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‘The President Stole Your Land’: Patagonia Exacts Brutal Revenge After Trump Completes ‘Largest Elimination of Protected Land in History’

Outdoor gear company Patagonia vowed to sue the Trump administration over the president’s order to drastically shrink two national monuments in Utah, CNN reports.

The California-based company which is known for their environmental activism says they will fight the move in federal court.

CEO Rose Marcario called Trump’s order “unlawful,” adding, “We’ve fought to protect these places since we were founded and now we’ll continue that fight in the courts.”

Patagonia is one of a growing number of companies and activist groups to challenge Monday’s proclamation to shrink Bears Ears National Monument by more than 80 percent to 228,337 acres and Grand Staircase-Escalante National Monument by nearly half, to one million acres.

The move would also separate Bears Ears into two national monuments and Grand Staircase-Escalante into three separate monuments.

Patagonia tweeted a message with the words, “The President Stole Your Land.”

“This is the largest elimination of protected land in American history,” the tweet, said, along with a link to a page allowing followers to support groups fighting to protect public lands.

Outdoor retailer REI also hit back at the president’s move with a large photo of Bears Ears taking over their homepage. “We ❤ Our Public Lands,” the photo said.

The company said Trump’s proclamation “undermines the integrity” of the Antiquities Act, a law that allows the president to designate national monuments.

President Barack Obama used the act to designate Bears Ears as a national monument in 2016. President Bill Clinton designated Grand Staircase-Escalante in 1996.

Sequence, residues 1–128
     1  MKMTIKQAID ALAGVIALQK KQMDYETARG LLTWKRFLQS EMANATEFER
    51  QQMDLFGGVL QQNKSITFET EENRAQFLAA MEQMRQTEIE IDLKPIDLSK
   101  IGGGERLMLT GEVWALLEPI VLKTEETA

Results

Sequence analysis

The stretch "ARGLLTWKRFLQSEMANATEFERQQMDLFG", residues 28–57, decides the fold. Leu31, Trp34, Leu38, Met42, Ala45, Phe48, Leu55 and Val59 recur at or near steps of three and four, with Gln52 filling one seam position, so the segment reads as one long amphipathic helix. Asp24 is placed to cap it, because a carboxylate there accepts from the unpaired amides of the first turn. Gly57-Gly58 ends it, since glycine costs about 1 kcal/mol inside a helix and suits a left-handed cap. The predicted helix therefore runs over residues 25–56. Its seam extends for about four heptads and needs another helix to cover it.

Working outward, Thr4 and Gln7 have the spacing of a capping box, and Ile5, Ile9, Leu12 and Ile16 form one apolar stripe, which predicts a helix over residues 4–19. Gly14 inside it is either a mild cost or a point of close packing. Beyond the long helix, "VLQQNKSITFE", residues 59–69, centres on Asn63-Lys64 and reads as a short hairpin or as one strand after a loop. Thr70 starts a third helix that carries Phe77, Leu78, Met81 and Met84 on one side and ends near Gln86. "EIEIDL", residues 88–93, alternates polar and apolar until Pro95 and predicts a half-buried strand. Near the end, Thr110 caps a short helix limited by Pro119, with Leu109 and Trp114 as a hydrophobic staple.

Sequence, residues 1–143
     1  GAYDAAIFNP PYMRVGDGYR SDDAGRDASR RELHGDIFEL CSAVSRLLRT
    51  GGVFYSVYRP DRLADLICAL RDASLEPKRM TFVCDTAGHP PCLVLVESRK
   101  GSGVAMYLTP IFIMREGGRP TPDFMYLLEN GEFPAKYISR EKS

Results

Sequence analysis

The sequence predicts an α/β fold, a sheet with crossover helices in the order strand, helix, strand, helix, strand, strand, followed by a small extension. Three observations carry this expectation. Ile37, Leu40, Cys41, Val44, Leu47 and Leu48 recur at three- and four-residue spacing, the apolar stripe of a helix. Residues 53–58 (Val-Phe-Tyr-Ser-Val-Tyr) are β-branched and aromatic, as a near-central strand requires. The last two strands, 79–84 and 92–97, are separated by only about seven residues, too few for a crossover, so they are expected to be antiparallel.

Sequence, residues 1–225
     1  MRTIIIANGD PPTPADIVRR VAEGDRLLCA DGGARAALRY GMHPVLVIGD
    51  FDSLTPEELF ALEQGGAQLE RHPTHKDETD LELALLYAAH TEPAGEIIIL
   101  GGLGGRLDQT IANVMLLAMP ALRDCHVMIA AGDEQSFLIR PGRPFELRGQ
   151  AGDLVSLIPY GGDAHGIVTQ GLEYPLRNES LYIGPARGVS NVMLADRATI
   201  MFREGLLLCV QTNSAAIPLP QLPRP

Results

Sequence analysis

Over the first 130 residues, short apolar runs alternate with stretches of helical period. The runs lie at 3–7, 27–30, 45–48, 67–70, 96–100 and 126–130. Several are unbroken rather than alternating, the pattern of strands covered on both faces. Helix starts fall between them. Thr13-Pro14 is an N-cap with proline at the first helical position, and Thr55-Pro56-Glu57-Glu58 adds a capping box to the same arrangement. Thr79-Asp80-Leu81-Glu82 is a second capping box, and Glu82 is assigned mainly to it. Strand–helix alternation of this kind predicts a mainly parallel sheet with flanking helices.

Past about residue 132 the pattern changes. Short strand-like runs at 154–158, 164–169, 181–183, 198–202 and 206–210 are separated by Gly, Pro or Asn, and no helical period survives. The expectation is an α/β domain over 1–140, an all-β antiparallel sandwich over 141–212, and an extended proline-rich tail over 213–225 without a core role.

North Face has vowed to donate $100,000 to an education center for Bears Ears.

The Canadian outdoors company Arc’teryx said they will donate $30,000 to a group that is suing to challenge Trump’s order.

Trump claimed that the move was necessary to “reverse federal overreach and restore the rights of this land to your citizens.”

The Interior Department insists that the action is “well within our authority.”

The Outdoor Industry Association warned that the move undercuts Trump’s claim to improve the economy and grow jobs.

The move is “detrimental to the $887 billion outdoor recreation economy and the 7.6 million American jobs it supports,” the group said in a statement on Monday.

“This decision… will harm hundreds of local Utah communities and businesses, will stifle millions of dollars in annual economic activity and threatens thousands of jobs in the region,” the statement said.

Along with outdoors groups, Native American activists are outraged over the latest assault on a region whose land they’ve long tried to protect.

Russell Begaye, the president of the Navajo Nation, said they would “stand and fight all the way” against Trump’s decision.

“We have suffered enough,” he told The New York Times, adding that the United States government has already taken “millions of acres of my people’s land.”

The only groups to back the move appear to be oil companies seeking to use the land to drill, and the Republican lawmakers they’ve bought and paid for.

The New York Times reports that the decision is “viewed as a victory for Republican lawmakers, fossil fuel companies and others who argue that monument designations are federal land grabs that limit revenue and stifle local control. And it is considered a defeat for many environmentalists and recreation groups and for the five Indian nations who have fought for generations to protect the Bears Ears region.”

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